Friday, April 30, 2010
Thursday, April 29, 2010
2. Doing the right thing: With the awareness of what's right comes the obligation of right action. That means embodying our convictions - and accepting the consequences.
3. Taking responsibility: Acknowledge our complete, sole responsibility for every one of our actions. No more seeing other people and outside events as the cause of our problems. Blame no one, accept the behavior of others and the circumstances of our lives as givens, and proceed from there. When we see something in the world that we don't like, we recognize our personal responsibility either to change or accept it.
4. Supporting our own weight: Harking back to structural integrity, this means functioning as a whole, being able to support all the elements of our own lives. Examples include being physically fit and financially sound.
5. Holistic thinking: Since integrity is a quality of wholeness, an appreciation of wholeness in the world supports its practice. There's nothing wrong with compartmentalization or reductionist thinking, but don't let that obscure the big picture.
6. Respecting others: Invoke integrity in other people by treating them with respect - even when they do not live up to our expectations. Acknowledge that our own standards are always subject to question, while affirming that the errors of others do not diminish our own integrity. We get the best from others in an atmosphere that supports doing right.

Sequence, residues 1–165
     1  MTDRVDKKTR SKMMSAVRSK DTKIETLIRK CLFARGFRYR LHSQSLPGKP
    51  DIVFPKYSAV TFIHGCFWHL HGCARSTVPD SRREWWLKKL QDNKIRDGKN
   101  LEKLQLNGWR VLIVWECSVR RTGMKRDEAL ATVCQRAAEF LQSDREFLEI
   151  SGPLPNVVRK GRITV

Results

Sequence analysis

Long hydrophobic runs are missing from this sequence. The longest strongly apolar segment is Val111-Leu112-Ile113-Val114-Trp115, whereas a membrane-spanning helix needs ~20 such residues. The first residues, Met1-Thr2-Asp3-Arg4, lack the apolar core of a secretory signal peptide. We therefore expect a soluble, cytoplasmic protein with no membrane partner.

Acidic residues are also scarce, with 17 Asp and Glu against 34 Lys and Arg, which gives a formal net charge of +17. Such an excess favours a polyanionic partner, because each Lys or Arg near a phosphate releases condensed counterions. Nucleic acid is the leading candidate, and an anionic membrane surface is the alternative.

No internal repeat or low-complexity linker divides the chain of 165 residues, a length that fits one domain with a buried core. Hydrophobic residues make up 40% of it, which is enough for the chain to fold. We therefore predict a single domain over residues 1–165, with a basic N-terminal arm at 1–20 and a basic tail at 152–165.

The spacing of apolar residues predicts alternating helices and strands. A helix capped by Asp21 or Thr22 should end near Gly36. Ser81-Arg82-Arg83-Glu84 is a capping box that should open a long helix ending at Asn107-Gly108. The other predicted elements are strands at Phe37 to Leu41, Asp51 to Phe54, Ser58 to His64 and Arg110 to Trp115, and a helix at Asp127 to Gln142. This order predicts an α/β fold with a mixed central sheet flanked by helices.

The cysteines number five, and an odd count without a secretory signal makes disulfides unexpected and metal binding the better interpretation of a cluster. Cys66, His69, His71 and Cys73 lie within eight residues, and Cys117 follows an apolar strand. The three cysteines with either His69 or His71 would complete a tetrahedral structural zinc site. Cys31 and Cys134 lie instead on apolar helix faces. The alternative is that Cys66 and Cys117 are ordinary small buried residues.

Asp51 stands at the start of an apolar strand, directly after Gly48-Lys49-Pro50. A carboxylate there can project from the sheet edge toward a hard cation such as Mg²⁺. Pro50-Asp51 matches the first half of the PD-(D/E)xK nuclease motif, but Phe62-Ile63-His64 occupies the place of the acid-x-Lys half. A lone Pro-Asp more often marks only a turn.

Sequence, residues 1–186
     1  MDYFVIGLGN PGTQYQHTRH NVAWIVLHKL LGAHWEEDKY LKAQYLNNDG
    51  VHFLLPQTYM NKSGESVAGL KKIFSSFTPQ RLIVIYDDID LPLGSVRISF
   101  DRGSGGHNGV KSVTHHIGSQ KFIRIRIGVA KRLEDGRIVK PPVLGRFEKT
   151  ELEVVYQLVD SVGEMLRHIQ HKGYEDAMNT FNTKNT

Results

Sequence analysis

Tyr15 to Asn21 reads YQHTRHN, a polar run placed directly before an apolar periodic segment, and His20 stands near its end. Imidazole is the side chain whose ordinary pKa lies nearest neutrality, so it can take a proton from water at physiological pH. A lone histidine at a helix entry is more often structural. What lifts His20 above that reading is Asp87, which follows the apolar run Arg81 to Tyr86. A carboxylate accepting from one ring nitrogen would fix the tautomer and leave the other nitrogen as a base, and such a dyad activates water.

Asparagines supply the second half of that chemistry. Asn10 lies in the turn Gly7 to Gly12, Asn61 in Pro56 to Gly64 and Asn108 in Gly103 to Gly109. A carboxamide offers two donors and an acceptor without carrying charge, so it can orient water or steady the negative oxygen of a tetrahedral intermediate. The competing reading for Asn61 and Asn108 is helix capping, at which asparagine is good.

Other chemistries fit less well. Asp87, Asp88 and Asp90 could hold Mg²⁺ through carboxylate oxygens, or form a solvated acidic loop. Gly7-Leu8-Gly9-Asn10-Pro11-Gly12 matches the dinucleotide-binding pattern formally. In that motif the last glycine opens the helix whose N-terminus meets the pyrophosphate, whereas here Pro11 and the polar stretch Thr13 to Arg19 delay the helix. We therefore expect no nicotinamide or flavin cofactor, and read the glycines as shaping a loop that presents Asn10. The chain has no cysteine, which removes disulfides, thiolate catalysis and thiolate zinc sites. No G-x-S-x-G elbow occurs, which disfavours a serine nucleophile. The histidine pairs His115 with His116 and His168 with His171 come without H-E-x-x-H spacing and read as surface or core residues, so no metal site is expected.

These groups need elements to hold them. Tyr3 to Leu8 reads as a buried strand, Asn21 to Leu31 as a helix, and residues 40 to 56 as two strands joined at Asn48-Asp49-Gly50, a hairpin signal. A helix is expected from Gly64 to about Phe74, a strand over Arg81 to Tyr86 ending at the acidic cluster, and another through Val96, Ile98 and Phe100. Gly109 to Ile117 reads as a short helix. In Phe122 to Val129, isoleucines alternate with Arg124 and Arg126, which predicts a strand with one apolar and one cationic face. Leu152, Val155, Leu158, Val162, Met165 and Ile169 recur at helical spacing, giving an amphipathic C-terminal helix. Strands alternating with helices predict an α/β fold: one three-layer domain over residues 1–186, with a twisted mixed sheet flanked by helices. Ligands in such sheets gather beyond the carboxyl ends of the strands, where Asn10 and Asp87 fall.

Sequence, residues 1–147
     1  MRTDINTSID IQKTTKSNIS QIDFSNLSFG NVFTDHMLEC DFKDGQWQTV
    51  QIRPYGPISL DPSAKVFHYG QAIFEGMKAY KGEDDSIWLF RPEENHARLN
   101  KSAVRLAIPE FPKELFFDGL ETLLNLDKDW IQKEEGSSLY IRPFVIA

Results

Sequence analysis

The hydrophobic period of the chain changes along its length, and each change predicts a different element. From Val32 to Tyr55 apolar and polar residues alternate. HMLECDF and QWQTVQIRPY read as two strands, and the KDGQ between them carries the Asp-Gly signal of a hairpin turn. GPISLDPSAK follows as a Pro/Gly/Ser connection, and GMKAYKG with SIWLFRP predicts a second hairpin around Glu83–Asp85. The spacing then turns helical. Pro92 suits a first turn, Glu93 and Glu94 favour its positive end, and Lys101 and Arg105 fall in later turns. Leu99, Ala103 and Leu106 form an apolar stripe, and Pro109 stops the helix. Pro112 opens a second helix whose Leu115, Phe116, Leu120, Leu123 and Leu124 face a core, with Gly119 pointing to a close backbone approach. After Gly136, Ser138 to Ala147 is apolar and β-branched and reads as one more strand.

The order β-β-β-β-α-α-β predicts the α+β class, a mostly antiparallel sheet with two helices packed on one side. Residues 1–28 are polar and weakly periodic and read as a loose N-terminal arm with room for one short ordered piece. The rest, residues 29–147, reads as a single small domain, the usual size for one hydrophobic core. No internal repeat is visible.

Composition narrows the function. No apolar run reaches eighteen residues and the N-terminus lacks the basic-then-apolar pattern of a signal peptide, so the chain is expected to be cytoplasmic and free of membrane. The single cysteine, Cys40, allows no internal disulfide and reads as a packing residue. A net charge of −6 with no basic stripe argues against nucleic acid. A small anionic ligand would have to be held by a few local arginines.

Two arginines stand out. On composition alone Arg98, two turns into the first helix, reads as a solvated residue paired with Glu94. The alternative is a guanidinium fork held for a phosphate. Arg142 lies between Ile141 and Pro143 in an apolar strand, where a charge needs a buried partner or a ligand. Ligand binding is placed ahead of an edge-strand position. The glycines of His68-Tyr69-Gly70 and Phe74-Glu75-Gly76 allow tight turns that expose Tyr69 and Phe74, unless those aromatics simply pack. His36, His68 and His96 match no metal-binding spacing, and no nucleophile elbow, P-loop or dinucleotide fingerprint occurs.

7. Checking the mirror: When we err - as we will, again and again - the best response is to pause for reflection. We can ask ourselves, Is this what I really want? Is this who I am?
8. Defining the rules and values: Explicit agreement about these basics enables groups of people, from couples to business organizations to nations, to benefit from the integrity of members. Absent consensus, personal integrity can lead dissenting individuals to subvert the group. Among people sharing the same intentions, by contrast, disagreements can help to refine and improve ideas for the benefit of all.
From RETHINKING INTEGRITY
By Stratford Sherman
Wednesday, April 28, 2010
I sent a personal letter to Secretary of the Navy, Hon. Ray Mabus (as a LTjg in the photo) today asking him to reconsider his decision to name LPD-26 USS JOHN MURTHA. I am finding it hard to imagine a Sailor being able to take pride in this ship.
I look forward to his response.
Update 09/08/10 - No response from the SECNAV. Unusual. I will have to do an ADTAKE.
Congressional Research Service's Navy Ship Names: Background Paper for the Congress is HERE. Dated 13 April 2010
Brig. Gen. H. R. McMaster (U.S. Army), who banned PowerPoint presentations when he led the successful effort to secure the northern Iraqi city of Tal Afar in 2005, followed up at the same conference by likening PowerPoint to an internal threat.
“It’s dangerous because it can create the illusion of understanding and the illusion of control,” General McMaster said in a telephone interview afterward.